|4th||Mr Snugfit||Phil Tuck||9||10-7||13/2 F|
|6th||Broomy Bank||Peter Scudamore||11||10-3||20-1|
|7th||The Tsarevich||John White||10||10-7||16-1|
|9th||Little Polveir||Colin Brown||9||10-3||66-1|
|11th||Northern Bay||Philip Hobbs||10||10-0||33-1|
|12th||Hallo Dandy||Neale Doughty||12||10-8||16-1|
|14th||Imperial Black||Reg Crank||10||10-0||66-1|
|16th||Why Forget||Ridley Lamb||10||10-7||35-1|
|17th||Gayle Warning||Mr Sandy Dudgeon||12||10-9||50-1||Last to complete|
|1||Door Latch||Richard Rowe||8||11-0||9-1||Fell|
|1||Port Askaig||Graham McCourt||11||10-5||35-1||Fell|
|2||Lantern Lodge||Tony Mullins||9||10-7||100-1||Fell|
|4||Corbiere||Ben De Haan||11||11-7||14-1||Fell|
|6 (Becher's Brook)||Dudie||Kevin Doolan||9||10-0||100-1||Unseated Rider (3) remounted & Fell|
|8 (Canal Turn)||Plundering||Simon Sherwood||9||10-1||25-1||Fell|
|9 (Valentine's Brook)||Mount Oliver||John Bryan||8||10-0||500-1||Fell|
|9 (Valentine's Brook)||Tracys Special||Steve Knight||9||10-6||150-1||Fell|
|10||Acarine||Robert Stronge||10||10-13||33-1||Brought Down|
|10||Another Duke||Paul Nicholls||13||10-4||200-1||Fell|
|10||Master Tercel||Dermot Browne||10||10-7||150-1||Fell|
|10||Ten Cherries||Adrian Sharpe||11||10-0||66-1||Fell|
|15 (The Chair)||Drumlargan||Tommy Ryan||12||11-6||40-1||Fell|
|15 (The Chair)||Essex||Vaclav Chaloupka||8||12-0||100-1||Pulled Up|
|17||Doubleuagain||Charlie Mann||12||10-0||500-1||Knocked Over|
|17||Late Night Extra||Mr Tim Thomson-Jones||10||10-2||500-1||Pulled Up|
|18||Last Suspect||Hywel Davies||12||11-2||14-1||Pulled Up|
|19 (open ditch)||Ballymilan||Colin Hawkins||9||10-0||50-1||Unseated Rider|
|19 (open ditch)||Tacroy||Andrew Stringer||12||10-1||200-1||Unseated Rider|
|23 (Foinavon)||Knock Hill||Mark Dwyer||10||10-1||18-1||Pulled Up|
|23 (Foinavon)||St Alezan||Craig Smith||9||10-2||150-1||Brought Down|
|26||Ballinacurra Lad||Graham Bradley||11||10-8||22-1||Fell|
|27 (open ditch)||Fethard Friend||Paul Barton||11||10-2||35-1||Pulled Up|
Media coverage and aftermath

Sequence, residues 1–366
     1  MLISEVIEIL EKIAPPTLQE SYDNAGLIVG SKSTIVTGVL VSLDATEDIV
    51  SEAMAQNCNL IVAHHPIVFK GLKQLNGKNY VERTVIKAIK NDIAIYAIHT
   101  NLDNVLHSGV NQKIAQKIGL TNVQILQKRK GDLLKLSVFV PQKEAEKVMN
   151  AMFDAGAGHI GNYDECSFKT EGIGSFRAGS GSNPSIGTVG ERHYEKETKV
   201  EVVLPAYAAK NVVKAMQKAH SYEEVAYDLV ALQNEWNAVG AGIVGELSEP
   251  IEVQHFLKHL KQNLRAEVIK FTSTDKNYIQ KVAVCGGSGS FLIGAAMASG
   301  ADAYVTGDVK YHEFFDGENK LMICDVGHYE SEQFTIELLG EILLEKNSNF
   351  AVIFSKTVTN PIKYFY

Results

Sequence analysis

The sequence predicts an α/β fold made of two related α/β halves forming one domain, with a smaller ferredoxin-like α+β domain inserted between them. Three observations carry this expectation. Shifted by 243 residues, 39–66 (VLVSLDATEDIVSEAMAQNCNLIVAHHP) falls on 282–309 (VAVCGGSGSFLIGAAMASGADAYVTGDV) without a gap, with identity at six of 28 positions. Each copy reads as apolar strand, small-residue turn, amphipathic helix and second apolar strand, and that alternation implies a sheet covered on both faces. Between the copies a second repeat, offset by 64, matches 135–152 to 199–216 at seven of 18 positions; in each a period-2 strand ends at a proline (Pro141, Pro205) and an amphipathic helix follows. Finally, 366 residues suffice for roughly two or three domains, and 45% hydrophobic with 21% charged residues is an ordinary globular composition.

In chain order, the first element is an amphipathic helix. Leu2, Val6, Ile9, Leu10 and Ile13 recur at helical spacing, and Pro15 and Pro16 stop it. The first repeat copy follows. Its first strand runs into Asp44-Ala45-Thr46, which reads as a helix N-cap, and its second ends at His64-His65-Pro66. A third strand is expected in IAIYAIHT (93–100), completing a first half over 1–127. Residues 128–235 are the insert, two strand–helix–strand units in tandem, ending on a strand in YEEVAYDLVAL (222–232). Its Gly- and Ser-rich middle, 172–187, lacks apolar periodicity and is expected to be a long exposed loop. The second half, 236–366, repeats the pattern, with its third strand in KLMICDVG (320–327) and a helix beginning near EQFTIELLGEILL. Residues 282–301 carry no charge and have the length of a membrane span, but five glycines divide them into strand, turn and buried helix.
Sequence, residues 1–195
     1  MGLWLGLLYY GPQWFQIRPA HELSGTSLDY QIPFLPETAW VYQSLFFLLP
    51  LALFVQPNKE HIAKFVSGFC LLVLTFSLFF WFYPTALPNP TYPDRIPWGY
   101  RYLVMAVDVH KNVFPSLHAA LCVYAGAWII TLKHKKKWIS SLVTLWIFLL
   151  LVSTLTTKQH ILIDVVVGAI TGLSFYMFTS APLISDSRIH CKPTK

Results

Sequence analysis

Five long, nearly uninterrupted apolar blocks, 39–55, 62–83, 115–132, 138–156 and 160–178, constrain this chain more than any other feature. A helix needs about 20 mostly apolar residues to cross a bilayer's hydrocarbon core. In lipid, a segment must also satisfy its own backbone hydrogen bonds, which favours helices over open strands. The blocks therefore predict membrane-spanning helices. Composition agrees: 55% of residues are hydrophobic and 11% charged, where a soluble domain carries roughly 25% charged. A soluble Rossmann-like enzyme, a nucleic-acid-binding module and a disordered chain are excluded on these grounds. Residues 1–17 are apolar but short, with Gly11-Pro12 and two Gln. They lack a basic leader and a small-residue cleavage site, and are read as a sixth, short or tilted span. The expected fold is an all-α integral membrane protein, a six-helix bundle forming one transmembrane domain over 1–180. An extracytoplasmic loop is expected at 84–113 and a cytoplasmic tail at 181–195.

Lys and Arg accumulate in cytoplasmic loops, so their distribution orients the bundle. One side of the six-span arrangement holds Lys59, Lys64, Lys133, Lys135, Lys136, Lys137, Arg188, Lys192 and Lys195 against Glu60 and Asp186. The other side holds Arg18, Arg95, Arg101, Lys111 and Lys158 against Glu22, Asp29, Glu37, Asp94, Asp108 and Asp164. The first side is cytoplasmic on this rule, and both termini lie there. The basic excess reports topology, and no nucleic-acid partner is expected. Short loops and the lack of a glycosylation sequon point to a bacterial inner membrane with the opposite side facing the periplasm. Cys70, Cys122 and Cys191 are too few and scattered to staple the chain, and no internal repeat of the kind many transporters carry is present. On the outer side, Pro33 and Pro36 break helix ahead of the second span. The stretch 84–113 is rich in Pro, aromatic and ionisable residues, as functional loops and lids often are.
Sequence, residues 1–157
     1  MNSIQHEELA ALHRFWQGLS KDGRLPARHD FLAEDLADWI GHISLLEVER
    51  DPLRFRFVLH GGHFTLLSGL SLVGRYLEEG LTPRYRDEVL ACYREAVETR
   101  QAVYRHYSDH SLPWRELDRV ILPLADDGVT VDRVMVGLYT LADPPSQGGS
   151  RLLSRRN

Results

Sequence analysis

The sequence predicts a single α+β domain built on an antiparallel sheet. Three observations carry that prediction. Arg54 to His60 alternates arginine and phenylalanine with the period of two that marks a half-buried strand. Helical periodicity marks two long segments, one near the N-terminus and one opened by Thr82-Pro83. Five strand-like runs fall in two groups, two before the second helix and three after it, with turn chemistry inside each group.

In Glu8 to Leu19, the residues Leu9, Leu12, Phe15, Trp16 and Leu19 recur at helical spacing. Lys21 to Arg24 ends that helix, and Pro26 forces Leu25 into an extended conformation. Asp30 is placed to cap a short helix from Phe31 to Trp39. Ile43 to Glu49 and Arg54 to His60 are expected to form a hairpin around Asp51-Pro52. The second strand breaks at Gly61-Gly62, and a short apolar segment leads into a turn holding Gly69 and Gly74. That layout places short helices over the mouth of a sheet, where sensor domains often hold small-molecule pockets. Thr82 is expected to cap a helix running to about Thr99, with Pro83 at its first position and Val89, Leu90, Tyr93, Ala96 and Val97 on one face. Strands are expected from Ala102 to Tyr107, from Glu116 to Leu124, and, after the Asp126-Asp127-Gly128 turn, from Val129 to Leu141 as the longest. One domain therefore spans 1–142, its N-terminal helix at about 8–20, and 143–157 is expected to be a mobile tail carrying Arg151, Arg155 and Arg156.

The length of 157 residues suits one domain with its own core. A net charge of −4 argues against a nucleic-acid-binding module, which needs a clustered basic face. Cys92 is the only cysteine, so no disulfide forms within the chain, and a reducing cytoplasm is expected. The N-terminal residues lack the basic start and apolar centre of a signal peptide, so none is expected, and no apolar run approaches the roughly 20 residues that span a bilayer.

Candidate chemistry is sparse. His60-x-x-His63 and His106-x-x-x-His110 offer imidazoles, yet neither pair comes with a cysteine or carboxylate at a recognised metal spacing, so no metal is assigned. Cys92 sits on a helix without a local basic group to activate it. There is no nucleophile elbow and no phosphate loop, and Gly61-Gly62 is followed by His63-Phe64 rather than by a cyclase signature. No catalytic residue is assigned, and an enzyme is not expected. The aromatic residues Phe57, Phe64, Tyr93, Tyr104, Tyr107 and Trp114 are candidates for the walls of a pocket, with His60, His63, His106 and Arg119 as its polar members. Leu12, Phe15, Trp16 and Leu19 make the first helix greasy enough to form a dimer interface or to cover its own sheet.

The official attendance of 75,637 was an increase of over 10,000 on the previous year and 20,000 on the year prior to that. While the Aintree Executive pointed to this as a mark of the recent success in saving the racecourse from being closed, some elements of the press stated that these figures were still some way short of those estimated in the 1920s-50s. In doing so however the press failed to point out that spectators had been able to watch the race for free if they took position on the country side of the Melling Road in those days while they were now charged admission in the modern era.
The race was broadcast live by the BBC as part of its regular Saturday afternoon Grandstand programme in a Grand National special, as it had done every year since 1960. The commentary team for the fifteenth consecutive year was John Hanmer, Julian Wilson and lead commentator Peter O'Sullevan who was calling his forty-first Grand National on Radio or Television. The programme itself was presented by Des Lynam who also leased the horse Another Duke to run in his colours. This presented the prospect of him having to interview himself if the 200/1 outsider were to win, until they departed the contest at the tenth fence. Jockey, Paul Nicholls later commented that "He cleared Becher's like a dream then fell at a little one. We [He and Des Lynam] still have a laugh about it"  In addition to its Television coverage, The BBC also broadcast the race live on Radio Two as part of its regular Saturday Sports Programme, having broadcast every National since 1927 with Peter Bromley calling home the winner.
In the post race interview with Lynam, Richard Dunwoody explained how the horse had almost been killed years before in a road accident. "He needed 90-100 stitches and lost an awful lot of blood...It's a miracle he's here today, never mind winning the race."